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2 Why the Above Enlisted Causes Cannot Be the Real Cause of Recurrent Miscarriage

2 Why the Above Enlisted Causes Cannot Be the Real Cause of Recurrent Miscarriage

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Why the Above Enlisted Causes Cannot Be the Real Cause of Recurrent Miscarriage


Table 5.1 Pregnancy outcomes during the third to seventh pregnancies of 100 untreated patients

after two miscarriages

Preceding no. of miscarriages







No. of patients

Birth N (%)






67 (67 %)

18 (55 %)

7 (45 %)

3 (35 %)

2 (30 %)

97 (97 %)

Miscarriage N (%)

33 (33 %)

15 (45 %)

8 (55 %)

5 (65 %)

3 (70 %)


after seven or more miscarriages). Altogether, in 100 patients with two previous

abortions, 97 will give birth over five consecutive pregnancies. Out of the pregnancies following two abortions, 40 % will end in miscarriage and out of those

giving birth, 40 % will have preterm birth (Table 5.1).

Based on epidemiological data, merely 3 % of patients fail to give birth without treatment between their third and seventh pregnancies. Therefore, up to 3 %

of patients with RM may have a permanent cause underlying pregnancy loss,

which would lead to the abortion of all further pregnancies. This observation

seriously calls into question – or rather excludes – the actual role of immunological factors, thrombophilia, subseptated or septated uterine cavity, etc. in

RM, as the spontaneous cessation of these causes can hardly be expected. The

failure of treatments based on these presumed causal factors also seems to support this conclusion.

We certainly do not present these results in order to advocate neglecting therapeutic interventions, but solely because of the logical conclusions they imply

with regards to the cause of RM. A majority of patients do not get as far as seven

abortions. Some of them “surpass” the reproductive age in time, which is further

facilitated by the fact that in 15 % of patients, miscarriage is followed by a minimum 2-year infertile period and a significant proportion of them give up trying.

2. According to the observations of several authors (Coulam 1991; Jaslow et al.

2010), the prevalence of the above listed causal or risk factors – immunological

causes, thrombophilia, anatomical conditions and other causes of unexplained

origin (in about 50 % of patients) – is approximately identical after three, four or

five abortions without treatment. ASRM modified the definition of RM in 2008

(two or more abortions instead of three or more) because the occurrence rates of

the causal factors investigated until now are the same after the second and the

third or further abortions. Therefore, there is no point waiting until the third

abortion to perform medical examinations.

This observation also means that the chance of losing the following pregnancies is almost the same whether these causes are present or not. If the prevalence

of miscarriage was higher with any of these causal factors after, for example, two

abortions, then this cause would have to occur more frequently during the following pregnancies compared to the other factors and so on. However, based on



Recurrent Miscarriage and Folliculo-Luteal Function

the cited results, this is not the case. These observations make the actual role of

earlier suspected causal factors in RM deeply questionable. For instance, it is

difficult to interpret the fact that in the case of immunological causes, abortion

occurs in approximately 33 % in pregnancies after two miscarriages, similarly to

congenital thrombophilia and idiopathic origin, and after three miscarriages,

abortion occurs in 45 % of cases whether any causal factors are present or not. If

abortion is due to some immunological cause or congenital thrombophilia, why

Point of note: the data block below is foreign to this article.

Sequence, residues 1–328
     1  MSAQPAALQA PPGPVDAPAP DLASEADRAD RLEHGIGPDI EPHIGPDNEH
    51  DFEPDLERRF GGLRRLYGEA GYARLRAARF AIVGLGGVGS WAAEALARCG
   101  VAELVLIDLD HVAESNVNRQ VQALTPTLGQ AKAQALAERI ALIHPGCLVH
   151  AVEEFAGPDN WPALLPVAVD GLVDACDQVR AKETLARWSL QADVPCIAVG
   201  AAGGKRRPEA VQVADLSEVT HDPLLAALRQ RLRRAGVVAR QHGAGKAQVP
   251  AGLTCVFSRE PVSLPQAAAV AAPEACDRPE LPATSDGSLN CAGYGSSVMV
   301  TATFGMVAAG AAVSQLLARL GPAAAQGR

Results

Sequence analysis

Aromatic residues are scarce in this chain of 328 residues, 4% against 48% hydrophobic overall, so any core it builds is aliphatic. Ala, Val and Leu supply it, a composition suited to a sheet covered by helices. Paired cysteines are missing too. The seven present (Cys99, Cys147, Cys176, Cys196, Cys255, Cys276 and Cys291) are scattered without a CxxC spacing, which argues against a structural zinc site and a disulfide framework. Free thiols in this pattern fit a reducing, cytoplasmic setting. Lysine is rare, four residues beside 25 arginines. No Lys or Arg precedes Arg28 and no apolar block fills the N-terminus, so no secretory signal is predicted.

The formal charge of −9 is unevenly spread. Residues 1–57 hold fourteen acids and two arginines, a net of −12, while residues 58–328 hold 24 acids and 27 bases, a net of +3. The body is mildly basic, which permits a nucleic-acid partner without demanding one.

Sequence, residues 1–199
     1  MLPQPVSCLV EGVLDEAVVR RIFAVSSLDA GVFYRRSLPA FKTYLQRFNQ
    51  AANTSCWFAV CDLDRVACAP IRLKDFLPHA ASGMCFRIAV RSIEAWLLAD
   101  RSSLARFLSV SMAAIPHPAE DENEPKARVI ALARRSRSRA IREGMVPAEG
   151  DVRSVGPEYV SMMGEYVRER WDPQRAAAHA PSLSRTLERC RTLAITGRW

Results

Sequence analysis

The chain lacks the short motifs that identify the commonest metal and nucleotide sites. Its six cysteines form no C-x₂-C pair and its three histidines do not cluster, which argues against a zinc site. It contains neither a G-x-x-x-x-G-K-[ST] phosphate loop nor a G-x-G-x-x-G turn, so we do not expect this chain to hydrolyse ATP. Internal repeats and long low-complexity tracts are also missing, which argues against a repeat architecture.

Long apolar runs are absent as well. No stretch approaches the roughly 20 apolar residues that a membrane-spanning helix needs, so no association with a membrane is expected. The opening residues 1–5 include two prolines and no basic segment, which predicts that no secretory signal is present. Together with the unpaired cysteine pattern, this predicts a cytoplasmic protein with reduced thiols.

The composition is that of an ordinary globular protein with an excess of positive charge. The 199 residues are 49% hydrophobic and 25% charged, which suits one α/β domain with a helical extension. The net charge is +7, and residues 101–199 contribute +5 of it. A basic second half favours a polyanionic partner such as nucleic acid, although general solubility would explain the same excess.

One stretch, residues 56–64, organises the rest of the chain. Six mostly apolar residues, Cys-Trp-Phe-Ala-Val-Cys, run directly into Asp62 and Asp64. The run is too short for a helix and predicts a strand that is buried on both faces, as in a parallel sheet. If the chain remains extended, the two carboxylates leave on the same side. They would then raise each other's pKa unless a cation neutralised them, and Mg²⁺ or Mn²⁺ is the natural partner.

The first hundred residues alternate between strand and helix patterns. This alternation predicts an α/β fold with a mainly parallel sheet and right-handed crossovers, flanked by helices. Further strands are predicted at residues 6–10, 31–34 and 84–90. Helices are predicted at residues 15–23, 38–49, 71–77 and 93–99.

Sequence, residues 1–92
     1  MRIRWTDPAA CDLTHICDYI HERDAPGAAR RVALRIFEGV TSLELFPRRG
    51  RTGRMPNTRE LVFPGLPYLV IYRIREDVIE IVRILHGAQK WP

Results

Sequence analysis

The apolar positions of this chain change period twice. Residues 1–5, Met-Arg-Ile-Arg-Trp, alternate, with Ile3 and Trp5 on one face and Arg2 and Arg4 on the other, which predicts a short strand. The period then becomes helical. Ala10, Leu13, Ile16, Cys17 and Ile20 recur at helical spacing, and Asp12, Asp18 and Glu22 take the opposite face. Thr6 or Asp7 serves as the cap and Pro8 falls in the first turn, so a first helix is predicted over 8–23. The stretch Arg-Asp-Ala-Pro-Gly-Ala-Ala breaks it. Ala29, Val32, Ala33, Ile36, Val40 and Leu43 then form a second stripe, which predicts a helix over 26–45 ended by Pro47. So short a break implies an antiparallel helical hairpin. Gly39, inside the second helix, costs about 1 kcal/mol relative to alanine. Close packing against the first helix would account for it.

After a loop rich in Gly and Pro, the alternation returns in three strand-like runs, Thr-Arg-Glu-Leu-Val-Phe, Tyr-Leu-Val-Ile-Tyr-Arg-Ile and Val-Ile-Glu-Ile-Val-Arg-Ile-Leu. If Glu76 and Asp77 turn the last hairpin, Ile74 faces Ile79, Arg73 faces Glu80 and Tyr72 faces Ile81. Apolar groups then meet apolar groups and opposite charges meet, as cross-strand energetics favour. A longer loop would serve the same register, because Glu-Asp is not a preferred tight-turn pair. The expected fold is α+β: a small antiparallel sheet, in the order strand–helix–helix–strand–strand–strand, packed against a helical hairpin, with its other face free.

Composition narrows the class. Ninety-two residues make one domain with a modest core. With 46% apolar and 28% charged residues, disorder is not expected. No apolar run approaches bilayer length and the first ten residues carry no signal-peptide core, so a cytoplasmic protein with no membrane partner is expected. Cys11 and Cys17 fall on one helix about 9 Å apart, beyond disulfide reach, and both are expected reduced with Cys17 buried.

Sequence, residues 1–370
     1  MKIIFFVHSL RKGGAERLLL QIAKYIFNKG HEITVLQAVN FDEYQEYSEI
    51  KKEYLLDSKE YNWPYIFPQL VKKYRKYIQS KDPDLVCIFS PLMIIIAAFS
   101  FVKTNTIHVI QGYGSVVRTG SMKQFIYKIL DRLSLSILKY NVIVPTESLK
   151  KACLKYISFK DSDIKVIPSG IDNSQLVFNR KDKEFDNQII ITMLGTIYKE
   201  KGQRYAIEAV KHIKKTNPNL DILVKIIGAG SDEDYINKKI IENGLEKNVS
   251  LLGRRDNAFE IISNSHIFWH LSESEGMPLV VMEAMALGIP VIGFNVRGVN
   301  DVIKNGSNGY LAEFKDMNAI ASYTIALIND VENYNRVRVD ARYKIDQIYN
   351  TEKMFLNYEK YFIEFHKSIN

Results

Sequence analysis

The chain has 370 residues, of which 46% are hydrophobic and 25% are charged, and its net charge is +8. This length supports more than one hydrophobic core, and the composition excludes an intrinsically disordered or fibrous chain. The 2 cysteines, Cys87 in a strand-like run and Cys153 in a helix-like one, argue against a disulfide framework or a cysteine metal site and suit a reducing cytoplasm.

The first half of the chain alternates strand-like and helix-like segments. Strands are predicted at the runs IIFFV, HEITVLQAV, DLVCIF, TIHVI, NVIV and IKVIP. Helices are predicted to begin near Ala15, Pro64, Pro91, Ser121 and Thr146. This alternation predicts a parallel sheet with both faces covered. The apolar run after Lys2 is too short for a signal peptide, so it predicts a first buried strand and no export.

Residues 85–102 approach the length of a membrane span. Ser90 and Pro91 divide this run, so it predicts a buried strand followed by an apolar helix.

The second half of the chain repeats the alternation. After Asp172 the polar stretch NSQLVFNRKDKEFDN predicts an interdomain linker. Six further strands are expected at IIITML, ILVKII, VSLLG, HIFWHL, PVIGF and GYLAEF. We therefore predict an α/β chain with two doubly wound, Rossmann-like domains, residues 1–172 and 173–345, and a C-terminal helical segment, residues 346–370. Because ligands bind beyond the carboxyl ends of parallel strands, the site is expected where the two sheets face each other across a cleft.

would it occur depending on the number of miscarriages in the anamnesis, and

why would these conditions fail to cause abortion in each following pregnancies? If, for example, a congenital or acquired cause (septated uterus, thrombophilia or immunological conditions) already led to abortion twice, why does it

cause miscarriage again only in approximately 33 % of third pregnancies and in

approximately 45 % of the fourth pregnancies, when the change of this “cause”

is ruled out, or in case of immunological reasons, it may have worsened?

Moreover, the mechanisms through which the frequently occurring, mainly

numerical chromosomal abnormalities are generated (in 50 % of the abortions) –

which are present in almost the same rate in various particular causes – remain


3. Congenital uterine malformation (septated uterus, bicornuate uterus) occurs in

approximately 4 % of women with obstetric histories without complications

(95 % of women) and in approximately 8 % of women with habitual abortion

(5 % women). Based on the above, 50 out of 1000 women will have recurrent

miscarriage, and we expect that four (8 %) have the above-mentioned anomalies,

while out of the remaining 950 couples, we expect 38 cases (4 %). Thus, the

question arises: why only every 10th woman with uterine alterations will develop

recurrent miscarriage? It seems likely that a causal factor other than, for example, a septum in the uterine cavity is necessary for recurrent miscarriage to

develop. The situation is the same with APS (antiphospholipid syndrome) as its

prevalence in the total obstetric patient population is 3–5 % and 5–15 % in

women with habitual abortion. If we also consider that 85 % of these women will

give birth without any treatment in their third or fourth pregnancy (out of 100

patients, 67 will give birth after two abortions, and after three abortions, 55 % of

the remaining 33, that is, 18; thus 15 will be childless), then only a small fraction

of the affected patients will fail to have a child after the fourth pregnancy

(Table 5.1).

The fact that the prevalence of another abortion and the occurrence of numerical CAs both depend on the number of abortions in the anamnesis, either in the

presence or absence of any presumed causes and independently of them, implies

the substantial role of a yet unrecognised cause (or causes).

According to the presented data and the conclusions drawn, RM can only

have a cause (or causes) in most patients (approximately 97 %) that might be